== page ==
The 607th ACS hosts Exercise Desert Vulture

  • Published
  • By Airman 1st Class Mason Hargrove
  • 56th Fighter Wing

LUKE AIR FORCE BASE, Ariz.—The 607th Air Control Squadron hosted Exercise Desert Vulture, Nov. – Dec., 2023, at Luke Air Force Base, Arizona.

Desert Vulture serves as a bilateral military exercise for the U.S. Air Force and the Royal Netherlands Air Force focused on improving operational readiness and defense capabilities. The RNAF controlled 15 sorties over six fighter squadrons, while effectively integrating with Luke AFB F-35 Lightning II and F-16 Fighting Falcon squadrons.

“The 607th ACS Provides the ability for the RNAF to control larger scale, high performance mission sets that they usually don’t get the opportunity to participate in their own country,” said 2nd Lt. Christian Turnbull, 607th ACS weapons and tactics assistant chief. “Additionally, the RNAF Airmen showed the 56th fighter wing that the 607th ACS is a premier formal training unit, that can simultaneously train fighters, allies, students, and cadre members with this international joint initiative.”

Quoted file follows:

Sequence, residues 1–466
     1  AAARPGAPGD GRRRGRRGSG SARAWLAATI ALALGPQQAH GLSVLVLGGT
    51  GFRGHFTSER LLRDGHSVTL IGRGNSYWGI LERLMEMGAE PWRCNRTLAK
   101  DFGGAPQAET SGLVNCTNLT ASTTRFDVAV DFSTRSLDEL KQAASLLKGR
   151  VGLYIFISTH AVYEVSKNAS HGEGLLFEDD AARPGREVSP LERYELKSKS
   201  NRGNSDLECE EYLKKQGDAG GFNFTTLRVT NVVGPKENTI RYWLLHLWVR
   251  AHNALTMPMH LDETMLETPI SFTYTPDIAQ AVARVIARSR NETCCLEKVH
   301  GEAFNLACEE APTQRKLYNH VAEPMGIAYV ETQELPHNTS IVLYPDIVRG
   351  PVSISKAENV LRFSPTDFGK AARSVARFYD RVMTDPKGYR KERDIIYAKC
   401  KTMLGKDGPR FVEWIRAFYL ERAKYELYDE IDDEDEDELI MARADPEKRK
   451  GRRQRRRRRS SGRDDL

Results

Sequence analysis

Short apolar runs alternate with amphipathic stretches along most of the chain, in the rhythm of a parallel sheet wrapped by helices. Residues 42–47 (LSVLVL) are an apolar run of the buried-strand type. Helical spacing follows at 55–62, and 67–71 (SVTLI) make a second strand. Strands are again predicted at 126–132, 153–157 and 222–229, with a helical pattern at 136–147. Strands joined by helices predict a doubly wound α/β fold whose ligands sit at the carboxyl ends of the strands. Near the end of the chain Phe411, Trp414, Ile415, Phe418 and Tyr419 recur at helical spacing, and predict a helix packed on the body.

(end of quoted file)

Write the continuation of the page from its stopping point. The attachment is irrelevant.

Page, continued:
The 607th ACS offers a platform for both nations to collaborate and enhance their skills in directing and managing both the F-35 and F-16 aircraft.

With the diversity of fighter training available at Luke, the RNAF can complete more flying hours than in their home country, ultimately enhancing their operational capabilities.

“During their stay here for operation Desert Vulture, the Dutch fighter controllers integrated with U.S personnel across the 56th Operations Group,” said Airman 1st Class Kaylie Devine, 607th ACS weapons director. “Their end goal is to increase their skill and capabilities to execute against the next gen threat.”

The partnership between the U.S. and the Netherlands will continue to strengthen through engagements like Desert Vulture, enhancing the strategic prowess and readiness of both air forces.